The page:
Wednesday, August 24, 2016

Telenovelas

When discussing this class with my advisor, she mentioned it was a fun and interesting class that is especially great for those that have a Spanish minor or understand parts of Spanish. I wasn’t sure what a “telenovela” was, but I was open to trying it! I have been to Brazil and Costa Rica, so I am familiar with some aspects of their culture and how the locals feel about their country and history, so I knew this class would also give me more insight to the culture and history of some Spanish-speaking countries.

            In America, Soap Operas and the shows that are very dramatic with poor quality, are rarely watched and even aired in today’s world. They also are only broadcasted during inconvenient times such as early to mid-afternoon, when most people are at work or school. There is not much talk about these shows; there aren’t any trailers or advertisements for them. With this being said, I was also hesitant about taking a class on telenovelas, worrying that it would be boring, just like the American soap operas.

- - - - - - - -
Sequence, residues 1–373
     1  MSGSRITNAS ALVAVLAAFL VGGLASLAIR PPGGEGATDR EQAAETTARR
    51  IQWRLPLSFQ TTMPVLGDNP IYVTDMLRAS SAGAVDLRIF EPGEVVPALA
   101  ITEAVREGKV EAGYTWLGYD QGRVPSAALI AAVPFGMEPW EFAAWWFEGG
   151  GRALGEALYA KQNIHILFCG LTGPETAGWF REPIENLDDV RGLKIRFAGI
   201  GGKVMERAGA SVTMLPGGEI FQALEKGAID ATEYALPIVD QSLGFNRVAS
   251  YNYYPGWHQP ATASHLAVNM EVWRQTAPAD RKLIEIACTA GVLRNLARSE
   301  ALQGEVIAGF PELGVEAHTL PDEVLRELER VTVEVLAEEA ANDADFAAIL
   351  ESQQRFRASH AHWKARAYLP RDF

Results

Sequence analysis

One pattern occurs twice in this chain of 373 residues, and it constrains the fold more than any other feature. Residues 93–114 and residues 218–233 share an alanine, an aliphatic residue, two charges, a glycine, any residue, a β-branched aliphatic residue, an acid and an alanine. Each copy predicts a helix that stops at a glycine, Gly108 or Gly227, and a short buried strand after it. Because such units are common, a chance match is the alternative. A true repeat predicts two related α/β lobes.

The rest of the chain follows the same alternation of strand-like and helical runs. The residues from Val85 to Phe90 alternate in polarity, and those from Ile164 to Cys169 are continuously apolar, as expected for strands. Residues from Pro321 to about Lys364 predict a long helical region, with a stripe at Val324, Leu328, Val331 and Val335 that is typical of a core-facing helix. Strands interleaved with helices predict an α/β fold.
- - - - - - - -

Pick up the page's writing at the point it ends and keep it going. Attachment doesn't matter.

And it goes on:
To my surprise, the first day of class really had me intrigued by telenovelas. They weren’t boring, and there was so many of them! I had no idea how huge they actually were in other countries. I’m really excited for this class and to learn more about the culture of the countries with telenovelas. They are expanding all over the world, thus allowing us to learn about more and more countries. The drama, suspense, mystery, and love make the telenovelas addicting. You never know what turn could come next in the show. Also the fact that there aren't any seasons for telenovelas and you never know how long they could last has me very interested. It's always sad to me when I know the end of a season or show is coming up, so I'm anxious to see how I will feel not knowing when the ending will occur. I’m still trying to find a telenovela that has English subtitles, but I can’t wait to start watching my telenovela!

No comments:

Post a Comment